Include the project (for docstrings). Include Sphinx (for environments where it's not an implied provision).
      Include pytest-sugar for nicer test output.
      Rely on jaraco.packaging for loading the package metadata from the package for Sphinx.
      Use single-quotes to satisfy the style nazis.
      The requirement is no longer needed for tests.
      Add readthedocs yml file
      Move requirements for docs and testing into extras
      Add appveyor script for CI testing on Windows.
      Require tox 2.4 or later; fixes #2.
      Remove namespace_packages declaration, no longer needed.
      Use a simple build number rather than prefixing with '1.0.'
      Restore support for namespace package declaration, selected on a 'nspkg_technique' setting
      Inspired by pypa/setuptools#1059, use the preferred bdist_wheel heading.
      Check the docs during tests
      Use stages in travis to have deployment depend on success in all Python versions.
      Remove 'bootstrap', artifact from setuptools
      --add doesn't work in a list
      Add a license file. Fixes jaraco/skeleton#1.
      Remove downloads shield, no longer available.
      Add documentation badge.
      Normalize indentation in docs/conf.py
      Declare 'python' factor at top level
      Correct travis syntax
      reference the license file in metadata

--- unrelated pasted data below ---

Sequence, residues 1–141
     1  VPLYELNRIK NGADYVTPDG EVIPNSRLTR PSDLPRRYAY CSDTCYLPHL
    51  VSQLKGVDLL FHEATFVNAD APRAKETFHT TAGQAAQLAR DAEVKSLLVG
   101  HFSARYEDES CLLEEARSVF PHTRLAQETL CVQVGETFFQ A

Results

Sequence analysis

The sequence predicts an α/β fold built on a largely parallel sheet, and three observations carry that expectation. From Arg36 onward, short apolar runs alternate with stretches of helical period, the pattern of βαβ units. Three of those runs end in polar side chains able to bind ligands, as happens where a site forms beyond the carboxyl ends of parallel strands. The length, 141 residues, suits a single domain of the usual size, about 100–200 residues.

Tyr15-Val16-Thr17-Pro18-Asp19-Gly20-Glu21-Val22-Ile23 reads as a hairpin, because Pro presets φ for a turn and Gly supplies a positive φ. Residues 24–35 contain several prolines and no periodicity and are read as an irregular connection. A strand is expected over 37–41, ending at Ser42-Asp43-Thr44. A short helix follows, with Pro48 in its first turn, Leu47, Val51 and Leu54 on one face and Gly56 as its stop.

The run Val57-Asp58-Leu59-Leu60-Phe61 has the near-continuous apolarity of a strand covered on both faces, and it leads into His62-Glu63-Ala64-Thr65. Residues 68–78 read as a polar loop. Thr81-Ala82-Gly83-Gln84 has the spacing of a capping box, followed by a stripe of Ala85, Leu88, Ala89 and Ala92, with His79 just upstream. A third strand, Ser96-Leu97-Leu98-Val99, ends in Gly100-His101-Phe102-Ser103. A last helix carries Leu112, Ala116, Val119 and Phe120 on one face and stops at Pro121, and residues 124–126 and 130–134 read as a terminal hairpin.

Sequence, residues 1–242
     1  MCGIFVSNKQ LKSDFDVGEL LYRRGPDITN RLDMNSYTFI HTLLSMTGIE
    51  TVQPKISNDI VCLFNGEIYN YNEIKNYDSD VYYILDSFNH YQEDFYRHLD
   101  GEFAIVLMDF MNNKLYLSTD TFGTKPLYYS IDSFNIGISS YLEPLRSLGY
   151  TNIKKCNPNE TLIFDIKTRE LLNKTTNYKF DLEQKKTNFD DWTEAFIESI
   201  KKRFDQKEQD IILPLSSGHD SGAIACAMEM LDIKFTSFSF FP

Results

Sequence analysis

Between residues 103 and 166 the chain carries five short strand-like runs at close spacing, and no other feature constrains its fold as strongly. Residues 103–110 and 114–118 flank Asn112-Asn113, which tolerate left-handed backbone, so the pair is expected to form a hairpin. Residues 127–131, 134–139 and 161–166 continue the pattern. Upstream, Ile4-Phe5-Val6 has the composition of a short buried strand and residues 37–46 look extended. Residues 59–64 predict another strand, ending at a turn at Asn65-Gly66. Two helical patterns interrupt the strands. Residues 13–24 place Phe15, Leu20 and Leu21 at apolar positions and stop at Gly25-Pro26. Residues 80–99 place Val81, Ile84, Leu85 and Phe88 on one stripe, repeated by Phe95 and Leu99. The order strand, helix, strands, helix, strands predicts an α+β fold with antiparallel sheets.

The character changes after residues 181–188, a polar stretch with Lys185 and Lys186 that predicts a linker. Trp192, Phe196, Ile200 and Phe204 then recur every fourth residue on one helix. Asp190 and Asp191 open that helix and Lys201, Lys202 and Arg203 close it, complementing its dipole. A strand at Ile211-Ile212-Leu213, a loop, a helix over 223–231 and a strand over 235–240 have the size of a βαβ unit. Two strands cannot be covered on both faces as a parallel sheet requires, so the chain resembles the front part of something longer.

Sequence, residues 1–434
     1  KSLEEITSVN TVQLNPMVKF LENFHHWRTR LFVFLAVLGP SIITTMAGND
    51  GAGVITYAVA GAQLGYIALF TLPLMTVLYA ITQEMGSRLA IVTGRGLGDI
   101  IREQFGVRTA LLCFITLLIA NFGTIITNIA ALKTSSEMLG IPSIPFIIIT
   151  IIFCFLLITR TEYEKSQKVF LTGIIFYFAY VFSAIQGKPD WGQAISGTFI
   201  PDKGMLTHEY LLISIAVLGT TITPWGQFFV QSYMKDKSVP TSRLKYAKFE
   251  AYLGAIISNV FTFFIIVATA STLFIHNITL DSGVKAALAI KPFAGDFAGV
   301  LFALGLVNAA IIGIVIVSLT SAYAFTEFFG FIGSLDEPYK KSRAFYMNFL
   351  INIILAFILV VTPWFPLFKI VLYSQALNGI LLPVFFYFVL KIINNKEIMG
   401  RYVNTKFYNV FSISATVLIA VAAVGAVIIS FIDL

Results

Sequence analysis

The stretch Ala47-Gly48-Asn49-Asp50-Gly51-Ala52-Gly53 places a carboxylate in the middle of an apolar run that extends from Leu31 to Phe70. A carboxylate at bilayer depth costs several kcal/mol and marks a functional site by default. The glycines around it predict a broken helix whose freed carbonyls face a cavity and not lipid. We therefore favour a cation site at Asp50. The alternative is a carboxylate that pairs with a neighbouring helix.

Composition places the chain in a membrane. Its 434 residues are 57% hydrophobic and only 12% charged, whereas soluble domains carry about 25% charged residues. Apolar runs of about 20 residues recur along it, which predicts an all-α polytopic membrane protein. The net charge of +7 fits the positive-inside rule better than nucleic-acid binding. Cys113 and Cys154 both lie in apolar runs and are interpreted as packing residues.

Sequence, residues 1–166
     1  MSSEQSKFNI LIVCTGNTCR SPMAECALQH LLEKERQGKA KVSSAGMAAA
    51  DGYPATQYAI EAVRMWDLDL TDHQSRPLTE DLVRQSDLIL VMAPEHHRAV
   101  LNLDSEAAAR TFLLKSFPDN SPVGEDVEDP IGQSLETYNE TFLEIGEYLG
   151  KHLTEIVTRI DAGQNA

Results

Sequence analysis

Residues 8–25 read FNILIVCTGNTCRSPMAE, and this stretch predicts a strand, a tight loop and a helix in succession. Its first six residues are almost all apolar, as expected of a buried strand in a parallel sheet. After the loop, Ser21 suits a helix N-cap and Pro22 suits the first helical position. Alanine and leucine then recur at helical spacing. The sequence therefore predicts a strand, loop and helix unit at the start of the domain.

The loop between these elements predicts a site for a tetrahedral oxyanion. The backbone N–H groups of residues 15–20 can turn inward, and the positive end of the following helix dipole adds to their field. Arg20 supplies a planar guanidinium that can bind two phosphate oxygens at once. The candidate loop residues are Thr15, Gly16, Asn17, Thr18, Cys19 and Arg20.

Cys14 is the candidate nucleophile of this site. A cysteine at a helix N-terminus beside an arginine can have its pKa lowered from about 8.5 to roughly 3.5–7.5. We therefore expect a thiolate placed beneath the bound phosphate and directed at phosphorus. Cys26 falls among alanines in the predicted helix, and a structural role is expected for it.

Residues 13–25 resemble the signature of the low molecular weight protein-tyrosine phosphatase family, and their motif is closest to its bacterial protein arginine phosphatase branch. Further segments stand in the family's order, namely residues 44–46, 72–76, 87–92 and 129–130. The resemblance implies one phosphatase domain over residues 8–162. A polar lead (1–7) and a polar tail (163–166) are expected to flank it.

Use https
      Add build-docs env in tox.
      Run only default environment by default.
      To support namespace packages, Setuptools must be 31.0.1. This change is necessary with the adoption of tox-venv, which uses Python's venv, which does not install the latest setuptools by default.
      Need to avoid .eggs in recursing dirs. Ref pypa/setuptools_scm#212.
      Use tox-venv for future compatibility.
      Disable pytest-sugar until Frozenball/pytest-sugar#133 is addressed.
      Bring back pytest-sugar with a minimum version to support Pytest 3.4.
      Save the pip cache across builds. Ref pypa/setuptools#1279.
      Add workaround for build failures on Python 3.7 (yaml/pyyaml#126).
      Run flake8 with tests. Add flake8 config to ignore common exclusions. Add comments to testing and docs extras to aid with merges.
      Add appveyor badge (commented). Disable RTD by default.
      Limit workaround to affected Python
      Bump minimum pytest version
      Add pyproject.toml declaring build dependencies.
      When ignoring linter warnings, document the reason.
      Merge https://github.com/jaraco/skeleton
      Drop support for Python 2.6
      Feed the hobgoblins (delint).
      dos2unix
      Fix test failures by restoring working directory in fixtures.
      Fix test failures in checkdocs
      Remove setuptools plugin
      Use behavior from other packages
      dos2unix
      Use relative import
      Use packaging for version parsing
      Drop support for Python 2.7 and 3.4
      Revert "Remove setuptools plugin"
      Revert "Drop support for Python 2.7 and 3.4"
      Update changelog
      Use new style classes through the lib.
      Revert "Use packaging for version parsing"
      Revert "Use behavior from other packages"
      Rename util to _vendor
      Update iter_subclasses to latest version from jaraco.classes
      Update one from more_itertools
      Update changelog